Archive for August, 2015

The Rise of Donald Trump

August 24, 2015


I had hoped that Trump’s support consisted entirely of old white people. However, looking at photos of his recent rally in Mobile, Alabama; I was dismayed to see a lot of young people, although they were all white. (I did see one black guy in one of the photos, although he may have been doing security. Either way, he didn’t look terribly enthusiastic.) Trump’s message seems to resonate with people from all walks of (white) life.

I recently watched the documentary, Trump: What’s the Dearl?, which was made in the early 1990’s. It was never realease at the time, because Trump sued the filmmakers. (Trump has a thing for suing people. He once sued an architecture critic who panned one of his buildings.) It has recently been made available online. The film only follows Trump’s career up until the early 1990’s, after he filed for bankruptcy due to the failure of one of his Atlantic City casinos. It is nevertheless a revealing account of Trump’s early career.

Trump’s father, Fred Trump, was a wealthy Brooklyn real estate developer. When Trump set out to break into the real estate business in the 1970’s, the then mayor of New York, Abraham Beame, happened to be a childhood friend of Fred Trump. Beame used his influence to arrange Trump’s first big real estate purchase. Later, when Trump bought the Commodore Hotel, Beame arranged to give him a huge tax break. Trump’s whole career was made possible by the fact that he happened to have a wealthy father who was politically well-connected.

His business model apparently consists of borrowing a lot of money while doing things on the cheap. When he tore down the old Bonwit Teller building, to make way for his Trump Tower, he hired an inexperienced firm that used undocumented Polish immigrants as workers.(I guess Trump only objects to immigrants when they happen to be Mexican.) They were not given protective equipment, even though they had to remove asbestos. This approach usually works well for Trump, but it sometimes gets him into trouble. During the 1980’s, he borrowed so much money to buy up real estate in Atlantic City that the revenues from his casinos were not enough to keep with his debt payments. With his characteristic crassness, Trump tried to blame three managers of his casino, who had recently died in a helicopter crash, for its failure.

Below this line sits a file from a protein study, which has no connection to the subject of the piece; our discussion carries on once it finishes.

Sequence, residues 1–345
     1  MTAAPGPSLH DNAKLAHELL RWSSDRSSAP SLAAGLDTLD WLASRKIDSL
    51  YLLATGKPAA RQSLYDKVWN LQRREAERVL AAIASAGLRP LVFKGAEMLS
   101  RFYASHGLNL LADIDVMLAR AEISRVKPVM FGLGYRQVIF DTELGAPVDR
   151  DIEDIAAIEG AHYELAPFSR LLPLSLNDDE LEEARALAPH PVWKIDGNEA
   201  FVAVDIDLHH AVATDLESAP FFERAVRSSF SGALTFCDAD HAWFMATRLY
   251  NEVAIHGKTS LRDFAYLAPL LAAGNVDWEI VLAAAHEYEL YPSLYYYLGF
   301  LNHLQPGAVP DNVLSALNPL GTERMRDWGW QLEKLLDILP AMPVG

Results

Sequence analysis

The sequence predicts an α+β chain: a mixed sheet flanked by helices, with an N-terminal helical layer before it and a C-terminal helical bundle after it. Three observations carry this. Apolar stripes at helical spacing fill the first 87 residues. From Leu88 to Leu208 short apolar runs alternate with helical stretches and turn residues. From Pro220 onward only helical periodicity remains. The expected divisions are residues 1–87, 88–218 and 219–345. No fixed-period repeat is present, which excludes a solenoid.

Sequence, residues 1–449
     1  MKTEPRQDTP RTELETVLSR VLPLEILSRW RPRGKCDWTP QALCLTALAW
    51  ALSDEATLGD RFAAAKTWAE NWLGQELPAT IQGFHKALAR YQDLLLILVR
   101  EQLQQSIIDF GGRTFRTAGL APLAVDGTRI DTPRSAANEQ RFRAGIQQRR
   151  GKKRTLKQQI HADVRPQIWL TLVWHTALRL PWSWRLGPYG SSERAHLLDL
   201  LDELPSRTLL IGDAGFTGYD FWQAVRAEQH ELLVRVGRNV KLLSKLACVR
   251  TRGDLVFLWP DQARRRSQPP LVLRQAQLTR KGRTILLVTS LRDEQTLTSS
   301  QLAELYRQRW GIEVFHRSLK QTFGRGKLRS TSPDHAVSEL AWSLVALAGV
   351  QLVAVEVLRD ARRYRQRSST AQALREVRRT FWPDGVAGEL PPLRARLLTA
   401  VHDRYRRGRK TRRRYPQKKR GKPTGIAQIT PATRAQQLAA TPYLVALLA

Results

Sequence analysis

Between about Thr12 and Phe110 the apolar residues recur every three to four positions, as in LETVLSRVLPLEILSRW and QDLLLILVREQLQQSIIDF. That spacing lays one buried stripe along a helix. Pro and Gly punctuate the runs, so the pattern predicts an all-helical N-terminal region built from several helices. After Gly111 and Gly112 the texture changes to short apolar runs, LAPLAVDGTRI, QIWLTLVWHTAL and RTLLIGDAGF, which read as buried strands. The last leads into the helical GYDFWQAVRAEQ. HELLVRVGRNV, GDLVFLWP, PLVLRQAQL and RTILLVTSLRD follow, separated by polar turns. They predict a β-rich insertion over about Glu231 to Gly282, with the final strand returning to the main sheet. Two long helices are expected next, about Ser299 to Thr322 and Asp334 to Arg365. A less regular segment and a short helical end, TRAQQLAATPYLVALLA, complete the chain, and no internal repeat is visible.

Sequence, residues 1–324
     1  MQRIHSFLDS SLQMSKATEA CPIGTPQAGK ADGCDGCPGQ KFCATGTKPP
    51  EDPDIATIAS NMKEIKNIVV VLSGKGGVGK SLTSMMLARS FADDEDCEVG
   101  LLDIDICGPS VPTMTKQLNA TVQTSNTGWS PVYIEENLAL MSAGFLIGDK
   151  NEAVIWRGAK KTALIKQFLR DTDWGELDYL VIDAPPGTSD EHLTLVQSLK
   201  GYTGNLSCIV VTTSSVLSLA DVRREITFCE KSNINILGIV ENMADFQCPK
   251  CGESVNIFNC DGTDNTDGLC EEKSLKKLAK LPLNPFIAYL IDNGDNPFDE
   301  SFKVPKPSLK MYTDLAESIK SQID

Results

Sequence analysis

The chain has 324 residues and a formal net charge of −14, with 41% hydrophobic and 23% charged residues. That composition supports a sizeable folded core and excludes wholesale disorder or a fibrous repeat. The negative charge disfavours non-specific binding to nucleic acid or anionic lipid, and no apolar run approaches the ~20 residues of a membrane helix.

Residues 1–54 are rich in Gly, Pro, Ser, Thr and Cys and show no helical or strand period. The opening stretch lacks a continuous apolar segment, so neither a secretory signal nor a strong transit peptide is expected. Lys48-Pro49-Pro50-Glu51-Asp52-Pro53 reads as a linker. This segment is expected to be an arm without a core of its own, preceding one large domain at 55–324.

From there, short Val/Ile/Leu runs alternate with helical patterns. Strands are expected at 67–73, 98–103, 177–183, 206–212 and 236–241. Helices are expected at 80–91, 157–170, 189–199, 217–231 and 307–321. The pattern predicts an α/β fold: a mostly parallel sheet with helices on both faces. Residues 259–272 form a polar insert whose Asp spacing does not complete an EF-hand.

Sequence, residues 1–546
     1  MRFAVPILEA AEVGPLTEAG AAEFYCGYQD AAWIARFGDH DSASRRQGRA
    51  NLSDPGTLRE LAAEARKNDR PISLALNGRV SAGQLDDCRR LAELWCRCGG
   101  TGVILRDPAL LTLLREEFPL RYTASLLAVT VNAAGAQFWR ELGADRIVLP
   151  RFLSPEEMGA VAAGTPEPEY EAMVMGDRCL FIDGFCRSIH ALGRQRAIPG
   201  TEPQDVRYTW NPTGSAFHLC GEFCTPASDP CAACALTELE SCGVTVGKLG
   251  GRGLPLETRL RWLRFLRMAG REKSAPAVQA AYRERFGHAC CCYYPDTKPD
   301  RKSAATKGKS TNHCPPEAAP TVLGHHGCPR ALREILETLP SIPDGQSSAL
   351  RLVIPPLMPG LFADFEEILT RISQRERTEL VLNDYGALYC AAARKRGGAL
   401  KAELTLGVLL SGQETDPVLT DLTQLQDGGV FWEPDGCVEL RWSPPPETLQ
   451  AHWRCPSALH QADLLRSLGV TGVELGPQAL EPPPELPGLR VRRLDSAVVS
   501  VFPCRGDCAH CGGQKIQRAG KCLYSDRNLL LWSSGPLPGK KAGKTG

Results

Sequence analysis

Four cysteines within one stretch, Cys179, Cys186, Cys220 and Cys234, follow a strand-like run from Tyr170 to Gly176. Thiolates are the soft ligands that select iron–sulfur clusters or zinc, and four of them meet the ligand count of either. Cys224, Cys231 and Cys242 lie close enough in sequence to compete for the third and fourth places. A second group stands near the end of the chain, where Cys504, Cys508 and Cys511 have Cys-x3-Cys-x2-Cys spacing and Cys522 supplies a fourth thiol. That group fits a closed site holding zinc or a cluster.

I have to admit that the appeal of Trump escapes me. He lacks charm, and he actually strikes me as being a dull person. Yet so many people in the media seem to want to regard him as an interesting person. Trump is an invention of the media, and they must take responsibility for the harm he is currently doing.

The Gift

August 20, 2015


The heat wave this past weekend here in LA made the idea of sitting in an air-conditioned movie theater more than usually appealing to me, so I ended up watching three thrillers. Thrillers are basically my favorite genre. I would sooner watch a mediocre thriller than sit through a critically acclaimed “feel good” movie like St. Vincent. That’s just the way I roll.

The first one I saw was a French-Canadian film titled Tom at the Farm. It’s basically about a sado-masochistic relationship that often seems to be on the verge of becoming lethal. It’s OK. A big problem I had with this film is that I found the main character unsympathetic, since he seemed to like being bullied. I enjoyed Cop Car a lot more. It’s fun watching Kevin Bacon playing a thoroughly corrupt and cynical small-town sheriff. The director, Jon Watts, shows a real knack for building suspense. However, I found the up-in-the-air ending disappointing. I have to admit that I’m not big on up-in-the-air endings. A film, like a symphony, should have an ending that brings things to completion.

The best film I saw, though, was The Gift, written and directed by Joel Edgerton. It tells the story of a married couple, Simon (Jason Bateman) and Robyn (Rebecca Hall), who have just bought a house in the Hollywood Hills. While shopping one day, they bump into Gordon (Joel Edgerton), an old schoolmate of Simon’s. They have him over for dinner one day, and afterwards Gordon begins to drop by their house, leaving gifts and offering to help out with things. His behavior begins to seem intrusive and a bit unnerving. Robyn starts to suspect that Simon is not telling her the whole truth about his past relationship with Gordon.